Do I regard ‘the strength of Scottish national identity as an advantage people in, say, Yorkshire do not possess’? Am I guilty of ‘view[ing] … virtually every issue … through the distorting lens of the ‘national question’’? In the construction of left oppositionalism in Scotland in the period understudy, national identity has been very important. Neil, I think, would agree with this as a statement of attested observation. (That national identity was important to the construction of left oppositionalism was important to establish but I was also at pains to establish that Scotland was subject to cross-Britain trends in, and movements of, left oppositionalism as well as the playing out of these trends and movements in a Scottish context.) The question that looms large for Neil is whether this was ‘good’, ‘bad’ or neutral. From other writings and drawing inferences, the conclusion he comes to is that this was unremittingly ‘bad’. He often has cited the example of the deal done over Ravenscraig in the miners’ strike of 1984-1985 to keep the steelworks supplied with coal as the quintessential case. But this is a case of apotheosis. Yes, the deal was retrograde to the winning of the strike and done on the basis of maintaining ‘Scotland’s steel industry’. But, for a start, it was not the critical event or anything near it. The defeat of the strike, on the workers’ side, had more to do with the working miners in Nottinghamshire, the inability or unwillingness of other unions like the TGWU to deliver effective solidarity action and so on. Even if this was not true, and without diminishing the importance of the defeat of the miners’ strike, this was only one moment of class struggle, albeit a major one. Where are all the other examples to make this into a discernible and sizeable trend? Two swallows do not make a summer. One swallow has no hope at all.

I draw from this that the influence of, for want of better terms, ‘Scottishness’ or Scottish national identity are not of a fixed nature, force or value. Rather, across, time and space, I judge that they are contingent. And in the last thirty years, and under the prevailing conditions of successful offensives by employers, the state and the right, ‘Scottishness’ or Scottish national identity have, overall, been useful to constructing political and social alliances of collective opposition. Does this mean that they still played a retrograde role by marginalising the forces of the far left? ‘Yes’ and ‘no’ would be my answer. ‘Yes’ in that the two are clearly at odds with regard to broad aims but ‘no’ in as much as the former helped create the space for the other to exist in within the period. The more I think about Britain in the 1980s and 1990s, the less I become convinced that either decade was fertile ground for the creation of genuinely mass revolutionary parties. So it is thus not as though when I just answered in the affirmative this was really a manifest question I was answering. To many this will confirm that we have a left of either ‘pessimists’ or ‘optimists’. I am not about to give the standard third-way response of believing in ‘realism’ because both the dichotomy and trichotomy have long outlived any useful purchase they had.

One other issue here is salient. Did ‘Scottishness’ or Scottish national identity play a retrograde role by marginalising the forces of the far left whence this made the alliances and coalitions less effective and robust? My answer here is a clearer ‘no’ because ‘Scottishness’ or Scottish national identity are not fixed – they can be more or less left-wing, so the complexion of ‘Scottishness’ or Scottish national identity are not determined by themselves. One final point here, lest it be thought that I’m arguing that the key to building and mobilising radical alliances within and across classes is ‘Scottishness’ or Scottish national identity. I’m not. Appeals to social justice and class interests are critical.

Standing Accused of ‘Workerism’?

Given the explicit parameters of the book, Neil’s contention that ‘there is a problem with simply treating trade unions as a measure of radicalism’ is unfounded. Firstly, I never claimed or implied that trade unions were the sine qua non of radicalism. But I do stand by my view that the ebbs and flows of trade unionism are the main means by which to assess worker radicalism and militancy in the terms I have described above. This is because trade unionism in the current epoch is the essential means of constructing worker oppositionalism. Secondly, and although the study of unions makes up the bulk of the book, this is not to the exclusion at the examination of other (political) facets of workers’ behaviour as Chapters 6, 7 and the Conclusion make clear. But it was beyond the scope of the book to examine a sets of other criteria like racist, sexist, homophobic and other attitudes because the book centred itself on workers’ activity in the workplaces of the means of production, distribution and exchange. My attitude to this limitation if I was reviewing such a book would be to point this out and state that it would be for others or the author’s future work to address these issues rather than engage in castigation. Nonetheless, it would be a brave and foolhardy person that would situate their analysis of the last thirty years of the labour and trade union movement on the outcome of just few campaigns in just a few years and these being right at the end of that thirty year period (i.e., 2003-2005).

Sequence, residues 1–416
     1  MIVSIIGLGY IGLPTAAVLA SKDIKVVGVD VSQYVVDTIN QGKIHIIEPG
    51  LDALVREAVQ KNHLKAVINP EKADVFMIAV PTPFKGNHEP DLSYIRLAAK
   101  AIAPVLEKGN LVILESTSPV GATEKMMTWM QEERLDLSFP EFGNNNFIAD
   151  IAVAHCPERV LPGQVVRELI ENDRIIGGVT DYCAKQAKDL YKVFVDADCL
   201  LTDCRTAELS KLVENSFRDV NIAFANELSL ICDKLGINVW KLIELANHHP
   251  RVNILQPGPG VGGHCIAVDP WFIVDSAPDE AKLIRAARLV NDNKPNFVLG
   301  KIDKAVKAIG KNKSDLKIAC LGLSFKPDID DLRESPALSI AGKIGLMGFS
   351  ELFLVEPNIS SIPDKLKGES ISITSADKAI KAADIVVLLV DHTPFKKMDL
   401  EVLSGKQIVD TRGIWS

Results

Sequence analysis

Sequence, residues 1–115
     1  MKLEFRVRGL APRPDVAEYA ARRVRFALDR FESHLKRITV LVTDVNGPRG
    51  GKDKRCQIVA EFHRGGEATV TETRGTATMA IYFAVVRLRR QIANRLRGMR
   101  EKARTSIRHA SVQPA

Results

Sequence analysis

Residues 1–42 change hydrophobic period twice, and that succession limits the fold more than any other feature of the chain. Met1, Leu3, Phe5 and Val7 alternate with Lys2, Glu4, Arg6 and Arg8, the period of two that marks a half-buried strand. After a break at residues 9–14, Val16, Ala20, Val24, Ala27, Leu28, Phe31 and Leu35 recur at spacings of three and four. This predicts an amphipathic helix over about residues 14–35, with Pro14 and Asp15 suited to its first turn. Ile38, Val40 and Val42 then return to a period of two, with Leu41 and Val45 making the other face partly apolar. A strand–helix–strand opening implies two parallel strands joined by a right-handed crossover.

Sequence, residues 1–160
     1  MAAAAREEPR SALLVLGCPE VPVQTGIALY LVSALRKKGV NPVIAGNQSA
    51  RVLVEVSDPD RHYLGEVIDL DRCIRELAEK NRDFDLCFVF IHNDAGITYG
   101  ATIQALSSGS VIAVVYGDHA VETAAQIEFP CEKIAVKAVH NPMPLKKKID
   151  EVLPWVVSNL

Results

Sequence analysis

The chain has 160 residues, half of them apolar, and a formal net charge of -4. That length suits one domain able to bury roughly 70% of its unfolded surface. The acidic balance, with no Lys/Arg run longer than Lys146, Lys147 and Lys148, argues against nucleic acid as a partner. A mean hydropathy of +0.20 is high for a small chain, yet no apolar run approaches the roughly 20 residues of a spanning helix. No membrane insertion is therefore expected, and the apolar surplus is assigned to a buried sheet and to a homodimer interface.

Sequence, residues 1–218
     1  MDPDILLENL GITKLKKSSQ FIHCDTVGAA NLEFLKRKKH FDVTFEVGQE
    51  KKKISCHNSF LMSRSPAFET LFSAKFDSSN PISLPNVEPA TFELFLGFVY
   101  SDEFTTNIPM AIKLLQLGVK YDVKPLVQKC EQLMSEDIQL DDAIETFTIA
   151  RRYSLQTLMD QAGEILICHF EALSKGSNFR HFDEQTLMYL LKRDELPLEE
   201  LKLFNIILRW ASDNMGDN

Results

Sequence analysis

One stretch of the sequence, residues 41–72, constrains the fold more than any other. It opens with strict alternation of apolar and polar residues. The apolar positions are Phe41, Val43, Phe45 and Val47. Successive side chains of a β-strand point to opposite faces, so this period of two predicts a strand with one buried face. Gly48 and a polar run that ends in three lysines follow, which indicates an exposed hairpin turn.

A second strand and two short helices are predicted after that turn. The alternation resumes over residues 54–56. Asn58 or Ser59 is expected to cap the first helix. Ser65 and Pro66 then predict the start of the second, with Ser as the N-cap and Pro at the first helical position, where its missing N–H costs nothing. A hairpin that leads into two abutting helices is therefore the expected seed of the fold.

I referred earlier to finding some ‘mystery’ in the way Neil reviewed Red Scotland? Radical Scotland? The mystery was in parenthesis because there was, indeed, no mystery but rather the un-confounded and frustrated expectation of a review which I think is unable and unwilling to fully and properly engage with the material, arguments and thesis of the book. Neil’s talk of ‘new periods’ and ‘new possibilities’ looks a bit lame in the aftermath of the not entirely unexpected leadership demobilisation of the biggest strike by workers since 1926. This, I believe, does more to characterise the continuing nature of the period, and I make this as a speculative point – does not this nature of the period mean we should take a longer and harder look at what socialists can gain from relating to radical national identity? But my objections to Neil’s review also lie in the habit that much of the left has in willingly conflating a person’s analysis with their political perspective on issues. Sure, if the level of the two units are compatible, then the two are unlikely not to be unrelated. But they are not synonymous with each other. This is the unfortunate methodological legacy of the sectarian far left. P


  1. Grainger, H. (2006) Trade Union Membership, DTI, London. Available as a pdf file at
  2. Gall, G. (2004) Socialism, ‘the national question’ and the Independence Convention in Scotland, Flying Pickets’ Press, Edinburgh, pp.i+pp.22. Second edition.
  3. Gregor Gall is Professor of Industrial Relations at the University of Hertfordshire